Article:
The Pasco County School Board has decided to give all eighth-graders in the district an opportunity to take the PSAT 8/9 for free.
The decision followed questions raised by school board member Colleen Beaudoin regarding the value of adding another test that she said would result in a loss of valuable instructional time for teachers.
District staff asked the school board to provide free PSAT 8/9 tests for eighth-graders, across-the-board.
The agenda item notes that the test provides early feedback on knowledge in areas that matter most for college and career readiness, including reading math, writing and language sections.
Vanessa Hilton, the district’s chief academic officer, explained the request this way: “We have tried to provide this opportunity for students, but there’s a little bit of inequity — or a lot of inequity in our district.
“We’ve been able to use Title 1 funds to administer at Title 1 schools,” Hilton said.
Title 1 schools are those that have a high percentage of students qualifying for free or reduced-price meals.
In other schools, the test was administered based on parents requesting it and paying for it, Hilton said.
“What we didn’t want to happen is to continue that inequity. This is a way for us to create that opportunity, across-the-board,” Hilton said. “Rather than have it be, really just if you happen to know.”
But Beaudoin wasn’t so sure that the PSAT 8/9’s value outstrips preserving the instructional time it would replace.
“The PSAT is practice for the SAT, right? We do provide that opportunity at 10th grade, for all of our 10th-graders. That’s where they can qualify for National Merit Scholarships.
“It is available for ninth-graders and 11th-graders to take it at school, as well.
“I’m struggling to find where the value is, to do a pre-test for a pre-test, with the middle school.
“I’m concerned about the loss of instructional time. It’s 145 minutes, that’s two to three class periods. We already give so many assessments, that we should know where our kids are. Our teachers are giving assessments. We have the FAST test given three times a year.
“I don’t like the idea of losing more instructional time and adding in another test for kids, when we are already pushing forward with giving kids opportunities. We’re trying to get everyone to Algebra 1 in eighth grade.
“I just don’t understand why we would take away these easy three class periods, and whether it’s optional or not, we know that if half the class is going to take a test, they’re not going to be teaching the half that remain,” Beaudoin said.
But board members Cynthia Armstrong and Alison Crumbley said they think the PSAT provides valuable information for students, parents and district staff.
“This would be more of a nationally normed test,” Armstrong said.
“That is correct,” Hilton responded.
“That’s where I see the value of it. It’s really going to compare them with students all across the United States to see where they stand,” Armstrong said.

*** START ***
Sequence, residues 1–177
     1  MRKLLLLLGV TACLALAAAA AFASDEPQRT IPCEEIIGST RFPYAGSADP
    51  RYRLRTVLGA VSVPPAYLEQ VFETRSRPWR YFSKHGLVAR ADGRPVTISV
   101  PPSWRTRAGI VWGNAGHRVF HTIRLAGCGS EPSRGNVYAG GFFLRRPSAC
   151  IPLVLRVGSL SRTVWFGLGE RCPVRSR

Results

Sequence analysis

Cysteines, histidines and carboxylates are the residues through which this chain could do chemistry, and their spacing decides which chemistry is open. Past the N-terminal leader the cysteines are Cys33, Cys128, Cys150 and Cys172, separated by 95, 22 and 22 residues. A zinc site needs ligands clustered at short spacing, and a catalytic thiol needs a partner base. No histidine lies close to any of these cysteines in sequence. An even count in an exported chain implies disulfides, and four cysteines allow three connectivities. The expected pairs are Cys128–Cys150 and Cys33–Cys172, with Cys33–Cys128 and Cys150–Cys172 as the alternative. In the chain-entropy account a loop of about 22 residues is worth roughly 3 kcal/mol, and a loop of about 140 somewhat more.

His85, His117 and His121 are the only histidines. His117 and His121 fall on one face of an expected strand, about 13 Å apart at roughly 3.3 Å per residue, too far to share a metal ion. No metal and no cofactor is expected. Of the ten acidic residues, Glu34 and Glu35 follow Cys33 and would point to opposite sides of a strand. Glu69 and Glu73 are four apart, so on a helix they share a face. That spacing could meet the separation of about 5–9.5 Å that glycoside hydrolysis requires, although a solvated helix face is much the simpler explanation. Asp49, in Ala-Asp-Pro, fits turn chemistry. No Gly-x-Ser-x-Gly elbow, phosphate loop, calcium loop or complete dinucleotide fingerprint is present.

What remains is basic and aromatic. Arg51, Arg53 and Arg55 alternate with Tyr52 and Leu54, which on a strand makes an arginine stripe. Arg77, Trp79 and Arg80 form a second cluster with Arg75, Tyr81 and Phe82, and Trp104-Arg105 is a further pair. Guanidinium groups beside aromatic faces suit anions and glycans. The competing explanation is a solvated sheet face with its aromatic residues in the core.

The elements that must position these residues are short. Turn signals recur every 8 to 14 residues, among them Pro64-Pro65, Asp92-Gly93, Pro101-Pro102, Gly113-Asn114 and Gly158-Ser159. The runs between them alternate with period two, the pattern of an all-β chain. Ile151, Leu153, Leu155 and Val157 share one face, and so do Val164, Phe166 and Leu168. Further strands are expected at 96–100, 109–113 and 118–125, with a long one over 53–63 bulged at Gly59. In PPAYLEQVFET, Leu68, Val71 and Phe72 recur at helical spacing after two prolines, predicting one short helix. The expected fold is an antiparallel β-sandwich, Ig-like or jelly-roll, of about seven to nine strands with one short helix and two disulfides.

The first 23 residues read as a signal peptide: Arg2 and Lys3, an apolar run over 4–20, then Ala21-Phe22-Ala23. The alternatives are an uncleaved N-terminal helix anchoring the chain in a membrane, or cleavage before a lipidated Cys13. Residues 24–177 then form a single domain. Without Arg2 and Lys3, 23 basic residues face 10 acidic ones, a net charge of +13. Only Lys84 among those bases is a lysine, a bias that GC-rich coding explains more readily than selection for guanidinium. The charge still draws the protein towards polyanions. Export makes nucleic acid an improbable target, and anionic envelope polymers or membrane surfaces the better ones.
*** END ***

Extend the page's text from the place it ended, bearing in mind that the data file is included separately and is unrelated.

“This is actually a test that would be meaningful to parents. Parents are going to use it because it gives them a benchmark that they can work with their kids on, because it is a nationally normed test. This gives parents something they can understand. They can see how their kids compare to students across the nation.
“I think it’s not only a tool for the schools, but I also think it’s a tool for the parents — that they can easily understand. Because how they perform on state standards, in their minds (parents’) doesn’t necessarily translate into how they’re going to perform in college.”
Crumbley added: “To Mrs. Armstrong’s points, you are getting a national gauge in a test — a lot of these kids are going to have to take the SAT a few years later. Well, they get to try the test because it’s very similar. They also get to see where they rank on national standards, which I think is very important. And, they identify weaknesses on another type of test that is different than the Florida (state) and the course tests.
“This is a whole different realm … that I think is important for the student, in particular, for the student that’s going on to college. They get to see where they are strong and where they are weak.
“This gives them a really good indication.”
Marcy Hetzler-Nettles, assistant superintendent for middle schools, said the results provide guidance to students and to parents on the accelerated coursework students could take in high school.
“The other information they do receive is more interest-based and aptitude-based, outside of academics, so that might lead them to a field of study that they hadn’t considered previously,” Hetlzer-Nettles added.
Superintendent Kurt Browning vigorously advocated for adding the opportunity to take the PSAT for all eighth-graders.
“The thing that excites me about the PSAT in eighth grade is that it does help us identify those students earlier for advanced coursework, before they get into high school and they start setting their high school trajectory, if you will.
“The value that we get from administering the PSAT in eighth grade exceeds the downside of that lost instructional time.”
Browning also noted that the information that’s gleaned from the PSAT is good for all students, not just some students.
The district has allocated $68,000 of its general revenue fund to cover the cost of the test.
After the tests are administered and the district collects and analyzes the data, a report will be brought back to the board, Browning said.
Armstrong said she also wants to know how the information from the results will be transmitted to parents.
“This could be a tool that could really help parents understand the capabilities of their child,” Armstrong said.
Published August 02, 2023